Thursday, May 24, 2012

  • Thursday, May 24, 2012
  • Elder of Ziyon
Today is the second day of polling for Egypt's presidential elections, and Egyptian Copts are especially concerned over the possible results.
Many Egyptian Christians felt marginalized under former President Hosni Mubarak and are voting to keep an Islamist from replacing him, out of fear their community would be further sidelined.

In Shubra, a working-class Cairo neighborhood home to many Copts, voting lines were long, and the worry and tension felt by many Christians was palpable.

“I don’t want the Islamists. If they come to power and I oppose them, they will say I am criticizing their religion, and who knows what they’ll do to me? We can’t talk to them,” said 57-year-old Sanaa Rateb after casting her ballot.

Dressed in a floral jacket topped with a pearl necklace, Rateb railed against those, including the Muslim Brotherhood, who object to a Christian or a woman running for president.

“It’s a mistake. Where is the principle of citizenship in all this? I have the right, as a woman or as a Copt, to stand for the presidency if I want,” she said.

Nassim Ghaly, a young man with a cross tattooed on his wrist in the distinctive manner of Egyptian Christians, interjected: “God protect us if the Islamists come to power, and they control Parliament and the presidency at the same time.

Like all the Copts questioned on Wednesday, Rateb and Ghaly voted for Ahmed Shafiq, the last prime minister to serve under Mubarak. Shafiq’s campaign posters were the most visible in Shubra.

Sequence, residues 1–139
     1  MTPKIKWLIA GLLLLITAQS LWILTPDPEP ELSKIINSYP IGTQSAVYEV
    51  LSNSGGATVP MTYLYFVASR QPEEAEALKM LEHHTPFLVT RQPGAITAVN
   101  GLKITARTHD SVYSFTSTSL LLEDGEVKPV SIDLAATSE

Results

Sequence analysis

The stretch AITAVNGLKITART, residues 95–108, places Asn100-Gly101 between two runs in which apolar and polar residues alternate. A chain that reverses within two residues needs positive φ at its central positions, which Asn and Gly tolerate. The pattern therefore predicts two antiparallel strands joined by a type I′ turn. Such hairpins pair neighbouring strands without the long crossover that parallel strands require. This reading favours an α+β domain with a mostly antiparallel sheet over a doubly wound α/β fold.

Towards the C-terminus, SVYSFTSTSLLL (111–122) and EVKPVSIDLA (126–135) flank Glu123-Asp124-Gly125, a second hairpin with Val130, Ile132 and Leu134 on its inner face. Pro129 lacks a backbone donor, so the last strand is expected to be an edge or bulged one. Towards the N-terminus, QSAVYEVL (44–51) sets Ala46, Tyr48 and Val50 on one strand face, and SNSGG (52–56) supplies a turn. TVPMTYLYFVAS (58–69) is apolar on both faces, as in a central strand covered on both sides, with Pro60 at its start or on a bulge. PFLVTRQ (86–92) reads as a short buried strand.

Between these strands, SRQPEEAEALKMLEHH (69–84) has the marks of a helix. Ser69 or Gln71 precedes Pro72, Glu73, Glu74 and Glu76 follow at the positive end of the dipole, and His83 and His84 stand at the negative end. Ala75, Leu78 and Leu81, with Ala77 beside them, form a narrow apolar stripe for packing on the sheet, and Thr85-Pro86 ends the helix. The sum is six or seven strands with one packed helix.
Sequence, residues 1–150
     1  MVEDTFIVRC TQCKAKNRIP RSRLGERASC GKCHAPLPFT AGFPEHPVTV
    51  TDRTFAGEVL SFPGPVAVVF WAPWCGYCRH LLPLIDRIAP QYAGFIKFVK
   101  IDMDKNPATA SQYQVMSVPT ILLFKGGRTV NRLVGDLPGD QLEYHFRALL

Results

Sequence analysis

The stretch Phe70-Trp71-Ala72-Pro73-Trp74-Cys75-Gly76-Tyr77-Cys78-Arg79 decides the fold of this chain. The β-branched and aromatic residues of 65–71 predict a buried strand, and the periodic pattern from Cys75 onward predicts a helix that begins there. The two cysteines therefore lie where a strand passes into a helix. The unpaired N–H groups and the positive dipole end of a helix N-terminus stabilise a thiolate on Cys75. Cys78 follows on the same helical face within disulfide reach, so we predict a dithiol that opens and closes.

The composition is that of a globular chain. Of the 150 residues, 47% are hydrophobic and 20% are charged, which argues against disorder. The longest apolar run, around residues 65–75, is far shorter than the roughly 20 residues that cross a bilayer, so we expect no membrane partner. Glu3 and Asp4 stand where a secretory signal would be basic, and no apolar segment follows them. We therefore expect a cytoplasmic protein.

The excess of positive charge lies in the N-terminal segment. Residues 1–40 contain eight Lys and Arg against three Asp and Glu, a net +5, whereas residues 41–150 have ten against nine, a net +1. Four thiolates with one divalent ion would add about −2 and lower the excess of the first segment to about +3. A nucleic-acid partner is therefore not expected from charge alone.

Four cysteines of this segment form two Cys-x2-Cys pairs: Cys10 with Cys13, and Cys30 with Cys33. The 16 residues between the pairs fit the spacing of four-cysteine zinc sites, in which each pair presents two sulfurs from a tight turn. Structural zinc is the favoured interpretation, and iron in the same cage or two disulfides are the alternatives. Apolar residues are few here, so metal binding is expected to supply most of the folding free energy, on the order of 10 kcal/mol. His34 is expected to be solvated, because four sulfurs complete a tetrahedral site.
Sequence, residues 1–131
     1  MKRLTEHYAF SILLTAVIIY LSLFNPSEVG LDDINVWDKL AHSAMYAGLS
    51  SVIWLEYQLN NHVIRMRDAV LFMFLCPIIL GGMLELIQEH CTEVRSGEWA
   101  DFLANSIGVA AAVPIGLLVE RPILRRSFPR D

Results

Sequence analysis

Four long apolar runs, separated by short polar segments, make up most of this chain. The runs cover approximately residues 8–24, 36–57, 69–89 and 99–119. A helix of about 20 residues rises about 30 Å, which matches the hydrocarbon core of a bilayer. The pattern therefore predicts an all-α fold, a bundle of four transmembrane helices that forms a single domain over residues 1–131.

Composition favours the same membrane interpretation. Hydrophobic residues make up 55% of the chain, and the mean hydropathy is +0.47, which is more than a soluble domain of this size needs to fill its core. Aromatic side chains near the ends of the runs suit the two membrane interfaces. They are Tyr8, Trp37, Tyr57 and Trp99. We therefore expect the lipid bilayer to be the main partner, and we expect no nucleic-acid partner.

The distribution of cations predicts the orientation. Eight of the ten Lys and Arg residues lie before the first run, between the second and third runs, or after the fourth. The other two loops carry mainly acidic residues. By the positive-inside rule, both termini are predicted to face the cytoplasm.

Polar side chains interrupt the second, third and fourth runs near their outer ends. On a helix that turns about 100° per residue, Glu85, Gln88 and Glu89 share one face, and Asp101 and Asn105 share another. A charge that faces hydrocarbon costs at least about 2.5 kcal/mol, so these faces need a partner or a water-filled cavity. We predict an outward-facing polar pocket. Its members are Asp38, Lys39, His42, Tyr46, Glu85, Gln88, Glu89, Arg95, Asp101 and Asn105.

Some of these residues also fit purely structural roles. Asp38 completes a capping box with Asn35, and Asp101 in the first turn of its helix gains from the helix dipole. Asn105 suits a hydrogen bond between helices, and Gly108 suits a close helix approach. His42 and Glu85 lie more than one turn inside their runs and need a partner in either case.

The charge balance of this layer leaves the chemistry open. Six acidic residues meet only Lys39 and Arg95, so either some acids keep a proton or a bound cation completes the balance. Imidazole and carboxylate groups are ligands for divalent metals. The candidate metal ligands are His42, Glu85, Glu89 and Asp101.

“Shafiq is a respectable man who can restore the country,” said Mary, who declined to give her family name.

The Coptic Orthodox Church, whose patriarch Pope Shenouda III died in March, has refrained from endorsing a candidate. However, Mary insisted that within the community, “everyone is voting for Shafiq.”

But she said the community is not looking to Shafiq to protect their rights as Christians.

“We don’t want anyone to defend us. We just don’t want any problems and to be left alone,” she added.

The Coptic community, which makes up between 6 and 10 percent of Egypt’s population of about 80 million, is traditionally low-key and fairly absent from the country’s circles of power.

Mubarak named Shafiq, a former Air Force chief of staff, as prime minister in the final days of Mubarak’s regime.

He is reviled by the youth of the “revolution,” Muslims and Christians. They call him “feloul,” a pejorative term for those who served in the old regime. But others reject that label.

“If Shafiq is feloul, then we are all feloul,” said Ghaly.

Still, the subject is sensitive, and many of those interviewed were unwilling to be identified — most of them whispering as they spoke so they wouldn’t be heard by their fellow voters.

Asked about her position on Egypt’s Islamists, a young Christian woman responded dryly: “I’m sorry, I don’t wish to say anything on that subject.”
Notice how institutionalized the dhimmitude of Egypt's Christians is, their psyche so ingrained with the idea that they must not speak out or turn too political which would draw attention to themselves.

The Egyptian Copts have not even formed their own political party in the wake of Egypt's revolution.



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